Photographing the Wedding Ceremony & Vows
Ceremony & Vows – The Key Part of the Day
The ceremony, vows and signing is the part of the day that everything has led up to. It’s essential that your photographer gets things right. They must make sure that they are in the right place at the right time to capture the key moments in order to present the couple with a stunning set of photographs that completely tell the story of their wedding day. However there are certain pitfalls that are avoided with planning and a good understanding of how a wedding works.
How You Can Best Prepare for Your Wedding Ceremony Photography
I’m going to start with perhaps the most important tip I can give you if photography of your wedding ceremony is important to you…
**My Very Important Wedding Day Tip**
Discuss Your Photography with the Venue and Registrar/Other Wedding Officiant
I have been in the rather embarrassing and unnecessary position in the past of arriving at a venue in London only to have the presiding official tell me that, ‘No photography is allowed’ during the ceremony. This was news to the couple as well as myself and came as a nasty shock. A rule of this severity has only happened once, but on many occasions, I have been limited by less severe restrictions.
Some Rules on Photography at Wedding Ceremonies to Watch Out For
These are the most common rules that you may come across when looking into booking your wedding venue.
Your photographer is only allowed to shoot from one spot at the side/back/balcony etc.
This is more common in religious settings venues such as churches than at civil marriage venues. If this is mooted, then I will ask if I can change positions discretely during a hymn or reading. They are usually OK with this but if not, try to be aware of where the photographer is standing and shift your position slightly if possible so I can see both of you clearly. I once did a wedding at the Tower of London and was not allowed in the chapel at all. I had to photograph down the aisle from outside the doors!
No flash photography allowed throughout the ceremony.
Quite a common rule (again more so in churches) but it is perfectly understandable. Some wedding officials cite that it is a distraction for the couple, but I have never had a newly wedded couple complain of this. More usually, it is the presiding official who is easily distracted by flash photography and would prefer it not to be used.
Most modern cameras that professional photographers use are perfectly up to the task of capturing detail in very dim venues. This rule may interfere with their photographic style somewhat and the photos could be more grainy due to the use of high ISO settings in-camera. However, there is software that can deal with this.
No photography during the official register signing.
Another very common rule and the reason being ‘data protection’. The next chapter is about Signing the Register and includes much on my take on this rule. But just briefly: Many register offices and boroughs around London do actively allow and encourage photography of the signing. There are many such as Cardiff and Bristol who do not. Either way it’s important for your photographer to abide by this. Whatever the rule, most registrars and clerics set up a ‘dummy’ register afterwards and welcome posed signing photos.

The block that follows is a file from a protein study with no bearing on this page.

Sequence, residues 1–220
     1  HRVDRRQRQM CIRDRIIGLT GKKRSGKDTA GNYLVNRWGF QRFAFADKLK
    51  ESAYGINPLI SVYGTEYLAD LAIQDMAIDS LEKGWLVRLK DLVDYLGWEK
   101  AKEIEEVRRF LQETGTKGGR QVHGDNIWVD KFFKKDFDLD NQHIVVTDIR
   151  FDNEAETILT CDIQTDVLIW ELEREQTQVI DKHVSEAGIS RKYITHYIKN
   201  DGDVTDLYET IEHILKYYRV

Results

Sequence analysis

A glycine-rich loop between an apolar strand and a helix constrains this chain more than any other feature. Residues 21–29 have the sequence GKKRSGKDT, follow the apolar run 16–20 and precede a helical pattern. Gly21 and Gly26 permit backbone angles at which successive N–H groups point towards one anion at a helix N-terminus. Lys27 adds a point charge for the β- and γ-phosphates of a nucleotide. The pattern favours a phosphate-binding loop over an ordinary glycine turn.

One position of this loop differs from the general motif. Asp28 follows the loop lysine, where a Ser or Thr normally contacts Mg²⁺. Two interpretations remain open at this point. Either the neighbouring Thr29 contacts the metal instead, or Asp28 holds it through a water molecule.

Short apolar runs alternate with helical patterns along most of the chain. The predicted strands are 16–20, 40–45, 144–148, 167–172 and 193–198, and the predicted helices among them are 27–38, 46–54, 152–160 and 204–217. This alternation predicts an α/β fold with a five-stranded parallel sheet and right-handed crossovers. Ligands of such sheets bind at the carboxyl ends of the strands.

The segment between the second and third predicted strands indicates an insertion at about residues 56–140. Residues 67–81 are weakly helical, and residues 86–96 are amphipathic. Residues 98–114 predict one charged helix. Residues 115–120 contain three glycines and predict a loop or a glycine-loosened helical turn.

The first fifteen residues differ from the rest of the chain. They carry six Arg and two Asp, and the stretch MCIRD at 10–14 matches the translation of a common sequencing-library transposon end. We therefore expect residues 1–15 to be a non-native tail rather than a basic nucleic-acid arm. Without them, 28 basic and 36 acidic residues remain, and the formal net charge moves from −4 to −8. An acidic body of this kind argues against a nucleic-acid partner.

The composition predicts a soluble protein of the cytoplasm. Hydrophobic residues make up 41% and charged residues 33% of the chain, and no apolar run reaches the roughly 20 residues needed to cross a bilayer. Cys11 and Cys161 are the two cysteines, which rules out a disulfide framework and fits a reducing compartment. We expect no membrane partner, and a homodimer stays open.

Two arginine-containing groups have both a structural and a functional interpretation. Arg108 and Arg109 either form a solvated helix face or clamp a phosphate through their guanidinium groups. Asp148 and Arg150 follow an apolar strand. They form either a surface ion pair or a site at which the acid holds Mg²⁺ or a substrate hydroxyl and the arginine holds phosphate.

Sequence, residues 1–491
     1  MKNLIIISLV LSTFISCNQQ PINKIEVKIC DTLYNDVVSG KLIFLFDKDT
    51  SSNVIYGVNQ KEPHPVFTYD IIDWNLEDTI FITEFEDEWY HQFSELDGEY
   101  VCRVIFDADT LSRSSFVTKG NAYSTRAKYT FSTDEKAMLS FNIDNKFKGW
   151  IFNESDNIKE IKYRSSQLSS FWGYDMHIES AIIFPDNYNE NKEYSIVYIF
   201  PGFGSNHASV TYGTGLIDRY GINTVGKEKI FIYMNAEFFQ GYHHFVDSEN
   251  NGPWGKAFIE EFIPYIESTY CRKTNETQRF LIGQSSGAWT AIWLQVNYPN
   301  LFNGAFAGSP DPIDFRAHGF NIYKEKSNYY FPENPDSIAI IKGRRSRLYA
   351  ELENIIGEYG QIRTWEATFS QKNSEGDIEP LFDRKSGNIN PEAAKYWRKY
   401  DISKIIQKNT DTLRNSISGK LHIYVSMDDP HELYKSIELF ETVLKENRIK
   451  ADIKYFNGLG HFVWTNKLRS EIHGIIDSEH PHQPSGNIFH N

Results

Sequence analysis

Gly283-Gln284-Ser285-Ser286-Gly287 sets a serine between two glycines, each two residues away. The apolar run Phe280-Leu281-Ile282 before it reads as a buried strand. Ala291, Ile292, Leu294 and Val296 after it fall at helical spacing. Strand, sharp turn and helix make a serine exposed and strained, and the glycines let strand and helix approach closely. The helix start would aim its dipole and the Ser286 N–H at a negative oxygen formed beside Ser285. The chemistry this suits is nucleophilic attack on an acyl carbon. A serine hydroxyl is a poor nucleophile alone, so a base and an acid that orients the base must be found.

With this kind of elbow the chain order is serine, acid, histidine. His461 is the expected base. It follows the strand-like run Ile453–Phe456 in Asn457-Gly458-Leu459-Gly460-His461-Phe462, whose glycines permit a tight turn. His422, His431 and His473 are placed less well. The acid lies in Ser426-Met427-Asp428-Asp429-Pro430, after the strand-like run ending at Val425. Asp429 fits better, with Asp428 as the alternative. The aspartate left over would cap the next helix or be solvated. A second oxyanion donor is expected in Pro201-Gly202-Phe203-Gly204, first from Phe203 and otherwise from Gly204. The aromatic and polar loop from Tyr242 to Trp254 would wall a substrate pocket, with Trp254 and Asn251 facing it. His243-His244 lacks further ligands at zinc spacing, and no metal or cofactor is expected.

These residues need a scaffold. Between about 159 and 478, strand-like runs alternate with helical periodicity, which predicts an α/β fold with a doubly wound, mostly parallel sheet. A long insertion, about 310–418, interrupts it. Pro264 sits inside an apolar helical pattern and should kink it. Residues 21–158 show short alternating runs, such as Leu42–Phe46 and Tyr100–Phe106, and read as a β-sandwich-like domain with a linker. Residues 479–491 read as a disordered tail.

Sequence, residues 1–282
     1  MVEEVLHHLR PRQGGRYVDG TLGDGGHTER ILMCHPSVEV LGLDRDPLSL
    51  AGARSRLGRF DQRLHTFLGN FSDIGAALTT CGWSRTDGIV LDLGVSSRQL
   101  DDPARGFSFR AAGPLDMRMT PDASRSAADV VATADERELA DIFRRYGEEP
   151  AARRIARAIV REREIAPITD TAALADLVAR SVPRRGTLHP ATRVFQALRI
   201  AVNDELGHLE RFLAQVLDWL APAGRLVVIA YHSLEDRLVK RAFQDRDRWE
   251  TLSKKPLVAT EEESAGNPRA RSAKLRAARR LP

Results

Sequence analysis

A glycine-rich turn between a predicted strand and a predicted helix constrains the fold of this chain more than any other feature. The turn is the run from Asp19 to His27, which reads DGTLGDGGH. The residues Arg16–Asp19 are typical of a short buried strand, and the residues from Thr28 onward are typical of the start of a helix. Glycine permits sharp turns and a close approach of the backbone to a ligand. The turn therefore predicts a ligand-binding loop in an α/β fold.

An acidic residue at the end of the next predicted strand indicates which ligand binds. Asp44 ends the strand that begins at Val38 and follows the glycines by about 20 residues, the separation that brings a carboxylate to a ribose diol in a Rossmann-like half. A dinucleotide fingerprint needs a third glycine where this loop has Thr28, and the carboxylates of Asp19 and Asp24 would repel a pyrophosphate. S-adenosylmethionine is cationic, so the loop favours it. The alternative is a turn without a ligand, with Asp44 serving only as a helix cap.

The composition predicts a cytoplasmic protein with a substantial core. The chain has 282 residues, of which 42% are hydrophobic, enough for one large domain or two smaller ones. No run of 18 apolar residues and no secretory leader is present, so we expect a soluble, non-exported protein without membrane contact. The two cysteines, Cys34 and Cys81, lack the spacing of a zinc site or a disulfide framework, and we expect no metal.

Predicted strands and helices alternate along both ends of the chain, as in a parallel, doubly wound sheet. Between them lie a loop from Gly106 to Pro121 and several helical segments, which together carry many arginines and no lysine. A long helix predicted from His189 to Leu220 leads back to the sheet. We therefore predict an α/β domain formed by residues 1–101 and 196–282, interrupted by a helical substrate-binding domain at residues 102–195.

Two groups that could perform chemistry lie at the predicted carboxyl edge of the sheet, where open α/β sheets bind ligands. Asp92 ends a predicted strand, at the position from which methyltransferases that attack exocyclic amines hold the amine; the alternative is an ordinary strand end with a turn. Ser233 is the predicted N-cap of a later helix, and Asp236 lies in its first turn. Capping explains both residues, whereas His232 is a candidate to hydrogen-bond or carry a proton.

No guest photography during the ceremony.
This isn’t much of a problem at all if you have a professional taking the ‘official’ photos. It can be a good idea as over-enthusiastic guests are often distracting to your registrar, you the couple and they can get in the way of your photographer. If the venue doesn’t implement this rule, then I know some couples who have asked their guests themselves not to take any photos at this time.
No photography at all – at any time!
Thankfully extremely rare and if photography is important to you, I would seriously reconsider your choice of wedding venue. I have never come across this at a civil marriage, and thankfully only once in a church.
The following photos all demonstrate the above points and illustrate how the photography can be slightly different as a result.
I always make sure that I introduce myself to the presiding wedding official on arrival at the venue. A little friendliness goes a long way and I ask exactly what the rules are and reassure them that I will not be intrusive. Sometimes I do ‘haggle’ and generally find that they are fairly flexible and will bend their own rules a little. My advice is to be upfront with your officiant about how important the photography is to you. Ask them what rules they have about photography. If they do seem unnecessarily strict, find out why and try to negotiate. Assure them that your photographer will be discrete and observe the sanctity of the occasion. Also, tell your photographer that you expect this.
Always Read the Small Print
On booking, you will usually receive a ‘Wedding Pack‘ with full terms and anything you should know. This will invariably include a section on ‘Wedding Photography’. However I’ve found that this is generally to protect the venue and is often very worse case scenario. If there’s anything that concerns you, do ask your venue contact/registrar. Sometimes you’ll find that some of the terms as officially presented to you aren’t actually upheld on the day. Or they will often relax a rule if you point out how important the wedding photography is to you. It’s always worth asking.
As the Bride Enters the Church or Venue
There is usually a short time before the ceremony when the bridal party has arrived and gathers outside the door in readiness for the bride’s grand entrance. This is more usual at a church than register office but I love to take advantage and get some good shots of this.
The Bride’s Walk Down the Aisle
Then there’s her walk down the aisle. Sometimes her bridesmaids and/or page-boy will enter before her. If this is the case, I take a sequence of them entering one by one. Finally, the bride enters and walks down the aisle, usually with her father. I stand near the door for this to get her entrance. Then I take a couple from the back and hurry to the front. In a register office, or if there’s not room, I back down the aisle to get the sequence from the front and hopefully the reaction when the groom sees her for the first time.
The Bride and Groom See Each Other for the First Time